Infections: viruses (e.g. CMV, HIV, coxsackie); chlamydia; rickettsia (e.g. typhus fever); bacteria; fungi (e.g. candida, aspergillus); protozoa (e.g. Chagas' disease (trypanosoma), toxoplasmosis; nematodes and cestodes: (e.g. filariasis (dirofilaria immitis), trichinosis).
Toxemias (diphtheritic myocarditis).
Immune mediated: postviral, poststrep. Rheumatic fever, systemic lupus erythematosus, drug hypersensitivity (sulfanomides, methyldopa).
Unknown: sarcoidosis, giant cell myocarditis.
Cardiotropic organisms, mostly viral, are blood borne.
Inflammatory response is to the organisms and necrotic muscle.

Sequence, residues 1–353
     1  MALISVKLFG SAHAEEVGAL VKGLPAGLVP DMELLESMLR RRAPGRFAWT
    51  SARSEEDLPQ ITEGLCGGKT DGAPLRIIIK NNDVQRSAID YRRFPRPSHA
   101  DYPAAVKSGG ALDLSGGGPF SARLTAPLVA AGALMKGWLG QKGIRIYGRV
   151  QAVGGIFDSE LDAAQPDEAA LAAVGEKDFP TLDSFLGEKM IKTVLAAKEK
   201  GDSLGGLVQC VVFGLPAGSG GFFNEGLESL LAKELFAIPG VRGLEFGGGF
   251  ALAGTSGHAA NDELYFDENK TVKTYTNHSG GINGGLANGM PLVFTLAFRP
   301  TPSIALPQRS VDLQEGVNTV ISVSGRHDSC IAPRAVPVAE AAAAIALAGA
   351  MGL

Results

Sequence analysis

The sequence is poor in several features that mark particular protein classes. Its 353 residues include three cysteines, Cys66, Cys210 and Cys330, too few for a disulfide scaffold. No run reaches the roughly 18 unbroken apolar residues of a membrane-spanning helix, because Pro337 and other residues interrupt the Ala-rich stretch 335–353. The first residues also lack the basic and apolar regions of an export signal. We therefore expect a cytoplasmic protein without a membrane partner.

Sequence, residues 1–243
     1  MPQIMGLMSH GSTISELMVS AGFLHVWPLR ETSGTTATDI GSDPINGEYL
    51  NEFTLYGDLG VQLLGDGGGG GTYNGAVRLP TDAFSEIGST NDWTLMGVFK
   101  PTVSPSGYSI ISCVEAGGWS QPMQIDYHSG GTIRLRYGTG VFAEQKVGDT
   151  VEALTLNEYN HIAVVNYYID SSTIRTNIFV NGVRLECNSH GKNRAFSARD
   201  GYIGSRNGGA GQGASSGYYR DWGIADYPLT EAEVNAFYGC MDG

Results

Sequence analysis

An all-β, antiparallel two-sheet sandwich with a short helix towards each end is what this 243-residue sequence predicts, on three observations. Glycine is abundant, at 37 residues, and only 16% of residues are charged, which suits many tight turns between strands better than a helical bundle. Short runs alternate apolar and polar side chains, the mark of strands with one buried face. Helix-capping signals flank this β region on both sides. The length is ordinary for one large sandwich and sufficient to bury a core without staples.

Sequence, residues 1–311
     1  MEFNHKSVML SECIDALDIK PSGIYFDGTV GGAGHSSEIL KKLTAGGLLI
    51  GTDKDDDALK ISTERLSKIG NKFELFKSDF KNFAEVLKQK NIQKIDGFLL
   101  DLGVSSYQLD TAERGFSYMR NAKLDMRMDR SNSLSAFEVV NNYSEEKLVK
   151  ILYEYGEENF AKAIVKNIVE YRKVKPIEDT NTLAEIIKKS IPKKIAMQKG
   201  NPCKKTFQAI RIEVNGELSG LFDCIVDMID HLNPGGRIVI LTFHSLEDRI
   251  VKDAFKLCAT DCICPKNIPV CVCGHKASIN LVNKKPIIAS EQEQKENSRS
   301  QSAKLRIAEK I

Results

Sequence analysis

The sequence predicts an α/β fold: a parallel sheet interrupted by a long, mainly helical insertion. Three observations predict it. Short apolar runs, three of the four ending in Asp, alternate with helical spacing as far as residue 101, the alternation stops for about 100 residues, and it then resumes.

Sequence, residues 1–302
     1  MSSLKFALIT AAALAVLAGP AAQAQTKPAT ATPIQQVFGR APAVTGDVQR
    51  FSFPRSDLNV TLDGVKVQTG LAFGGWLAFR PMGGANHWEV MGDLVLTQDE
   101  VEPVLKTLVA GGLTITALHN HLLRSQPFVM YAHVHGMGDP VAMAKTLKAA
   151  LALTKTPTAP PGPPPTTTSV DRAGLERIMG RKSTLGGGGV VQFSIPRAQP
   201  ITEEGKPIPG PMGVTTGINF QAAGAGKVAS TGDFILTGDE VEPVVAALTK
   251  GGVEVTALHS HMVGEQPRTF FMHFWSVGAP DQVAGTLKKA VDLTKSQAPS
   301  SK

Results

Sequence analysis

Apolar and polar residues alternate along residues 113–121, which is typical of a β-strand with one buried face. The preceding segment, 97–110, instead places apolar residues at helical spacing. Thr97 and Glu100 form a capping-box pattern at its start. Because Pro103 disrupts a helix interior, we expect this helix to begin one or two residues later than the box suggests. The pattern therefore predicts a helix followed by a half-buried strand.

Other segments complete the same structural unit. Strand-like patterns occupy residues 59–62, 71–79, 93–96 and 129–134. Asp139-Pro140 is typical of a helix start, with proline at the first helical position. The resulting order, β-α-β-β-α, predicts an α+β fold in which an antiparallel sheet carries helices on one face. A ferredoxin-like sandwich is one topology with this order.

Postinfectious immunogenic cases may be due to complexing of antigenic products of organisms with tissues, or cross reacting determinants common to both organism and host tissues.
Diphtheria exotoxin causes necrosis of myocardial fibers.,
Epidemiology varies with cause.
|General Gross Description|
Heart may only be dilated and flabby with no obvious myocardial visible changes.
Dense interstitial inflammatory response may be seen as a gray diffuse or focal discoloration of the myocardium.
Valves not affected.
Mural thrombi may result.
|General Microscopic Description|
Cellular infiltrate is usually mononuclear with dominance of lymphocytes.
Numerous evenly distributed giant cells are seen in giant cell type.
Cotran RS, Kumar V, Robbins SL: Robbins Pathologic Basis of Disease. 5th ed. Philadelphia, W.B. Saunders, 1994, pp. 197-199, 562-564.
This link will directly take you to the relevant new literature
||Synopsis by: J. Hasson, MD (T33010M40000)